Student perspective by Neidin ’14
Boy paces around his kitchen, new-fangled cordless phone in hand, planning out what he is going to say. He finally musters up enough courage to punch in her home phone number, which he knows by heart. He prays her father doesn’t pick up. Girl, waiting by the phone, lets it ring three times before answering. Of course, she says. I would love to go to dinner with you. They both smile on the opposite ends of the landline.
This was how heterosexual teens dated back in the questionably ‘good’ but definitely ‘old’ days. There were rules (you can’t just call him; you have to wait for him to call!); formalities and obligations (I’m sorry, you didn’t ask her father for permission?) and a clear progression of how things should go down, so to speak (no kissing until the third date!). Flash forward 30 years or so. Third wave feminism. The invention of the Internet and the advent of social media. The rise of hook-up culture. Watch the courtship of Boy and Girl in the modern day.
Girl shoots Boy a quick text during a lull in a Facebook chat with Boy #2. He texts back right away, which she doesn’t expect because he usually takes upwards of three hours to respond. They talk for a while about school and weekend plans. Their messages are rife with grammar errors and winky face emojis. Do you want to hang with me and a few friends? Boy asks. Yeah, sounds fun, says Girl. She tells her parents she needs a ride to a friend’s house on Saturday. They ask who will be there. Just friends, Girl says, but she wonders if he is something else.
The entire process of getting to know someone romantically has been flipped on its head: more often than not, romantic interactions now start with the physical and work toward the emotional instead of the other way around. We hook up first and get to know each other later. We text all the time but only see each other a few times in person. In the midst of all of this, we still get hung up wondering what exactly constitutes dating nowadays.
Technology makes it easier to stay in contact with a crush virtually 24/7. But this increase in communication is somehow more casual and impersonal than in-person conversations. You might know all about his obsession with Odd Future and how much he hates his AP US History teacher, but how much do you really know about his personality, the way he carries himself or how many other girls he is texting?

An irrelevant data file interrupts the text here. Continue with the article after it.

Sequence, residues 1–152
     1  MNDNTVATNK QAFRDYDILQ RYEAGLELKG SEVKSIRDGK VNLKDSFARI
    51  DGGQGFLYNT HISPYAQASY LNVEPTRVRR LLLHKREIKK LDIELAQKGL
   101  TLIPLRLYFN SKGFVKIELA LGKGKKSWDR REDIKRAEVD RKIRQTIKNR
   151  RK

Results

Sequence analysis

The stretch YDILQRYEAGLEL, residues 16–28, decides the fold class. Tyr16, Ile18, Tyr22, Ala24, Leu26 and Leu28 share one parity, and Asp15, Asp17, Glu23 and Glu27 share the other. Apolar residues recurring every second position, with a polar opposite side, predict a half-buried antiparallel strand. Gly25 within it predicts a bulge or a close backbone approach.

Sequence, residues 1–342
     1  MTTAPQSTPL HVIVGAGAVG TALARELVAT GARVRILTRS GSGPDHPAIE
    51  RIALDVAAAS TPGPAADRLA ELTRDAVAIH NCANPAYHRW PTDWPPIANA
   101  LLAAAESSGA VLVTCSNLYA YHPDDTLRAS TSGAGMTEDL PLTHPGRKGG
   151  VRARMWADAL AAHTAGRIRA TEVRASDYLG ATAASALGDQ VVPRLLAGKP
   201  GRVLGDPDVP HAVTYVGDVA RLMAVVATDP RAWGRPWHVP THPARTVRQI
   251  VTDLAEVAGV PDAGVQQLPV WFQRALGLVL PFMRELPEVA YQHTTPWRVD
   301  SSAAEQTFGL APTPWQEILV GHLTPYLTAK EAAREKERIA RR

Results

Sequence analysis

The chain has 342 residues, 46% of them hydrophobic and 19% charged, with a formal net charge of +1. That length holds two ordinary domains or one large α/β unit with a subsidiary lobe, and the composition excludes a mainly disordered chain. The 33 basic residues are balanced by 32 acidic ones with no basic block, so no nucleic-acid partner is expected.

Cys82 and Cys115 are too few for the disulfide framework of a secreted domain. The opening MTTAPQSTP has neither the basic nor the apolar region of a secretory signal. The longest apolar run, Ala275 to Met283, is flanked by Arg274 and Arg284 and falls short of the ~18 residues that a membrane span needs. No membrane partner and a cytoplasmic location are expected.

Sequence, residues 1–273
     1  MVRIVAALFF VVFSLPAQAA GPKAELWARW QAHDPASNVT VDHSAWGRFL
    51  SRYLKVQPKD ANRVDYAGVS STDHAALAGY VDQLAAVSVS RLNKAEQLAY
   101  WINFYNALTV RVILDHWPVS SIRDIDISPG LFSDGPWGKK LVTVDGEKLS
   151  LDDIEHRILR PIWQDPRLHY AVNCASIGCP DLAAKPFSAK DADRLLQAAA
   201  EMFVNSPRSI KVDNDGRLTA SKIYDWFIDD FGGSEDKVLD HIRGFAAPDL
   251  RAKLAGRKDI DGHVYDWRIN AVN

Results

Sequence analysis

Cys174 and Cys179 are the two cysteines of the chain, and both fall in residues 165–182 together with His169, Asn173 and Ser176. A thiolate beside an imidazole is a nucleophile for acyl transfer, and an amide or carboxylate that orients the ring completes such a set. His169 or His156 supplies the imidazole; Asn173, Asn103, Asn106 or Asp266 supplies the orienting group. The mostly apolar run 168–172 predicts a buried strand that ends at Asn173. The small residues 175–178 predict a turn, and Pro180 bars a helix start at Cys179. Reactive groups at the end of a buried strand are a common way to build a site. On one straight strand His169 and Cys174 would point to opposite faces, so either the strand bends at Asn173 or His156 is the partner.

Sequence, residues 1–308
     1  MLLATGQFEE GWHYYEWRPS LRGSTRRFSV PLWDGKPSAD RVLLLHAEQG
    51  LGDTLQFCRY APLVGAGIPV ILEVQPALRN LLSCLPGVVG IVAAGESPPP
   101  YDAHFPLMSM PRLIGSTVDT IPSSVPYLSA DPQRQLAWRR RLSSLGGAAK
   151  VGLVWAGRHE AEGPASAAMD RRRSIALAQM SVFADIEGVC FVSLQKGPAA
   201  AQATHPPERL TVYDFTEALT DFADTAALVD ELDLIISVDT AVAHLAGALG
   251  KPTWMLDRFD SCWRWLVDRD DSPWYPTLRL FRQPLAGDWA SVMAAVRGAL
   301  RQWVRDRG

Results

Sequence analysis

The line between dating and flirty friendship has been blurred to the point where when Girl’s mother asks her if she has ever dated anyone, Girl’s brain nearly implodes going through all of her past experiences and trying to determine, in the span of a few seconds, if any of them have counted as “dating.” Does it count if we texted everyday for three months but only saw each other twice and we never DTR-ed (defined the relationship)? What if we hooked up but then lost touch a few weeks after, she wonders? What does hooking up even mean, for that matter?
The truth is, we are still trying to fit our relationships into strict and obsolete categories determined by those of a previous generation. The way you date may never be like the way your mother dated, and Jake Ryan may never stand outside your window holding a boombox because he has no other way of getting in touch with you. I urge you not only to accept this fact but also to embrace it.
The rules of dating have been entirely thrown away. While you may be confused, take comfort in the fact that everyone else is in the same boat with you. Yes, even that one guy. And that other guy. And that other one. Everyone. In this time of social upheaval, every individual in this generation has a host of opportunities to redefine and take control of our dating experience. It is what you make of it.